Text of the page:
The film’s thematic elements and visual metaphors are inextricable from its fundamental story. Filmgoers are often fond of saying that a film “works on multiple levels,” often as a way of excusing the fact that they liked a movie while recognizing that they really didn’t understand what the hell was going on in a few places. This film refuses to allow such casual appreciation—if you aren’t in it for the art you aren’t going to be into it at all. It’s a bold move (a passionate move, to put it in the film’s terms) by Aronofsky to risk alienating viewers through such a graphic, horrific and overwhelmingly visceral journey without much sense of relief. The film mounts in tension rapidly through the second act, and by the third act it has become at least a third part horror film and charges with such energy and excess towards its climactic moments that the post-viewing experience involved a sense of emotional exhaustion for me as a viewer. I remarked going into the film that I was almost scared of the movie—I know what Aronofsky is capable of doing to viewers (I shudder still at “Requiem for a Dream”) and the previews and buzz for “Black Swan” suggested a similarly demanding experience. It exceeds those expectations on all levels. Aronofsky manages to make devastation seem uplifting at moments and understands within his own art what the impact of raw passion will be on an audience. In that sense, the film does work on multiple levels, but at least a few of those are in the viewer’s psyche.
The film is also lavishly and expertly shot—there are more memorable visuals here than what even the most spoilerish trailers have let on (the image of Nina in black feathers is a beautiful one, but barely scratches the surface—pun intended, you’ll see—of what visions await you during that performance). Aronofsky’s camera becomes a part of the choreography and struggles to be still as it witnesses Nina’s similar instability as an artist transforming. Indeed, the camera refuses to steady itself through any dance sequences until Nina finds her own steadiness and then, suddenly, it becomes motionless, as if finally comfortable becoming an audience member itself, prepared to witness a perfect work of art, perhaps only dimly aware (as I hope Aronofsky is having stood behind it) that it has in fact created one.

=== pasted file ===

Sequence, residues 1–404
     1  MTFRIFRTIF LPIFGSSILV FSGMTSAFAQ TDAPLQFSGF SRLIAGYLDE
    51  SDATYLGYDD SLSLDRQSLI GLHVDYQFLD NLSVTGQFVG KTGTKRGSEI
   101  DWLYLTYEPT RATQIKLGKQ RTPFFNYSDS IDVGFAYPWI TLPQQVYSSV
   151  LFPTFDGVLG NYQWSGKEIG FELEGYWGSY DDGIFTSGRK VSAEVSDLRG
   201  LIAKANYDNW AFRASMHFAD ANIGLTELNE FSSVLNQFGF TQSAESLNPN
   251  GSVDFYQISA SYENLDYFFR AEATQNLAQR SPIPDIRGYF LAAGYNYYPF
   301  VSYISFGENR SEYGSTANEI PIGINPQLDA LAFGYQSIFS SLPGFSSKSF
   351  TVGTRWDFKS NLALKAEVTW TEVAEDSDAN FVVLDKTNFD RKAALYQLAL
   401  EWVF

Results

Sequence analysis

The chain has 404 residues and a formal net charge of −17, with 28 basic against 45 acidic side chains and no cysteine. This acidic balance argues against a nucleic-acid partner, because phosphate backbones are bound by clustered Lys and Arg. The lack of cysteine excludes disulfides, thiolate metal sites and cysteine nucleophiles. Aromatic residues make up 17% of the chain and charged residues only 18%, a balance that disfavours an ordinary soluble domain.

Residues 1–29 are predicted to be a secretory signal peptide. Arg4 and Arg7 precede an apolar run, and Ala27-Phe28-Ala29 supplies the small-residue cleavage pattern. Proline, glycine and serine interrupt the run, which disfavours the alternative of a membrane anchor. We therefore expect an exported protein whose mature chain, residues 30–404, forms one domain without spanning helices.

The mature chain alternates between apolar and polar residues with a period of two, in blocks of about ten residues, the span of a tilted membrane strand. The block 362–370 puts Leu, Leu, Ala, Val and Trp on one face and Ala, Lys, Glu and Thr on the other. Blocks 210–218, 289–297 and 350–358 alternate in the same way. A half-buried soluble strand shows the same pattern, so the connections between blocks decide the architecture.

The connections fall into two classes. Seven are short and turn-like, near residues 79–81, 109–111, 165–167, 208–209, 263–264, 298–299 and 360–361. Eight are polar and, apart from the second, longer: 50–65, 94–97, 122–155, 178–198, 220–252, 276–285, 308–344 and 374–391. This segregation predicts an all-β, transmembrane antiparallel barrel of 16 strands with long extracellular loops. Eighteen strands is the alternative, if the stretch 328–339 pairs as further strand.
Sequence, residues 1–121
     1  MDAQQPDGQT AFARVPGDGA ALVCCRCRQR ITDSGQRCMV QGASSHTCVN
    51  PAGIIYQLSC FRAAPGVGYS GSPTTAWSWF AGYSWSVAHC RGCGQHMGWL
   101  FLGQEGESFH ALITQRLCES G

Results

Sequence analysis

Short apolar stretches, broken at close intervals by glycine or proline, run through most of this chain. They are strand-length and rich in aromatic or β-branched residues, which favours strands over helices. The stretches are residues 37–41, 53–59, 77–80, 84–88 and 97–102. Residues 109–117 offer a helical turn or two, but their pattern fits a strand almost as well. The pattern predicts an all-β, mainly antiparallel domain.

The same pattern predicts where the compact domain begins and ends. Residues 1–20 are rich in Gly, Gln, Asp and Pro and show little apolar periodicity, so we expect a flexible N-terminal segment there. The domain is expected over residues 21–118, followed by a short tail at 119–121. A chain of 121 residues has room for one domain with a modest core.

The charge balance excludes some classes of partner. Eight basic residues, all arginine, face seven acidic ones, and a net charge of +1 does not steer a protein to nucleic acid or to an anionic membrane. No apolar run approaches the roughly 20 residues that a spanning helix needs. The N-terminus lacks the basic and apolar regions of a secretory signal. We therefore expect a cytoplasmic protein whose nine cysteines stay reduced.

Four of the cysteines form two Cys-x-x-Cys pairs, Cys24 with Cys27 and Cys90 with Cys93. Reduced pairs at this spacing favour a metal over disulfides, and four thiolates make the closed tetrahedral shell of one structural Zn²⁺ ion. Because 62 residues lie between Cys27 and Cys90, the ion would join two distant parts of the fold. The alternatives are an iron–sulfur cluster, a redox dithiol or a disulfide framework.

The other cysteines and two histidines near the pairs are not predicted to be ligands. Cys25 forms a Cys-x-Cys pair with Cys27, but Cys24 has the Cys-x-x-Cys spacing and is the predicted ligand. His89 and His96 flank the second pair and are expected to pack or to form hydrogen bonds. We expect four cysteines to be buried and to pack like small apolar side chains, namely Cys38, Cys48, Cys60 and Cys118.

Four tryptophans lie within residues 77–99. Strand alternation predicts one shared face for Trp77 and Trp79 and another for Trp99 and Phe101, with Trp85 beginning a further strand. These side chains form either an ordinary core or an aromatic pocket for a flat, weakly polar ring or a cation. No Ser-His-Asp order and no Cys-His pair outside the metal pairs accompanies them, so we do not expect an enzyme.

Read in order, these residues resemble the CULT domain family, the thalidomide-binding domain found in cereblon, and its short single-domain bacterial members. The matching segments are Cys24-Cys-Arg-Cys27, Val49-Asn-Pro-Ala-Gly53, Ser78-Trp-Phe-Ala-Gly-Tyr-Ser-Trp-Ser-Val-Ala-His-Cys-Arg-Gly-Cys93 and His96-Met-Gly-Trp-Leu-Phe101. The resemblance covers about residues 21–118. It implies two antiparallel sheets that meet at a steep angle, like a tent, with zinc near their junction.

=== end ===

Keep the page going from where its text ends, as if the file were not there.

Overall Rating: 10/10
Great Quotes, Interesting Moments, What Not and Occasionally What-have-you:
(Spoilers present throughout!)
- Much has been made of the sex scene between Nina and Lily, but I would recommend people troubled by it look back to my thoughts above—it exists only metaphorically within the film (it never happened) and represents the release of passion and the surrender of control over one’s body to that passion. The fact that Aronofsky chose to film it in some surprisingly graphic detail speaks, I think, to his devotion to this thematic idea. The sexuality of passion is a motif that recurs constantly throughout the film and is key to appreciating Nina’s ultimate end (she opens a hole in herself that lets passion out and the audience in). One might also argue that the scene is really only shocking because it’s something no one would have expected these two popular and talented actresses to agree to. Applaud them for taking the risk.
- The stage lights casting black-swan shadows on the walls as Nina stands in human form at center stage was a gorgeous touch foreshadowing her final transformation with a nice bit of visual imagery.
- I couldn’t say exactly why, but I found the dance scene at the night club Lily takes Nina to to be a great moment. The sudden addition of strobing red and green light to the color palate of the film is shocking in its own right, but the freeze-frame moments it reveals (Nina suddenly in her stage makeup among them) are of equal shock value. Again, passion sneaks out and art begins to form. The film demands repeat viewing—I feel like I’m barely catching a tenth of what’s there.
- I wish Vincent Cassel would get more big roles—he was similarly outstanding in “Brotherhood of the Wolf” but few people saw that, either because they never heard of it or they just don’t realize how much great French cinema is out there.
- I really am impressed by how far the film went down the path to traditional horror—Nina’s transformation into the Black Swan is a genuine nightmare to behold. Horripilation leading to feathers poking through the skin is one thing (and sadly spoiled by more recent TV spots), but when her legs broke backwards into the inverted avian shape I think every head in the theater snapped away from the screen in unison. Awesome.
- The use of sound in this film is beyond stunning—the music needed no help from Aronofsky to provide emotional impact (I appreciate the beauty of ballet much more than I did before, which was, basically, not at all) but his use of sound in other facets of the film is outstanding. Everything but human voices seems slightly too loud and too present, if that makes any sense. The crunching bones in Nina’s feet (and in her legs when they break), the pounding of doors and shattering of mirrors, it’s all ratcheted up to 11, and to great effect.
The comments section will be devoted to spoiler-filled movie discussion for this review, so share your thoughts and I’ll happily share back.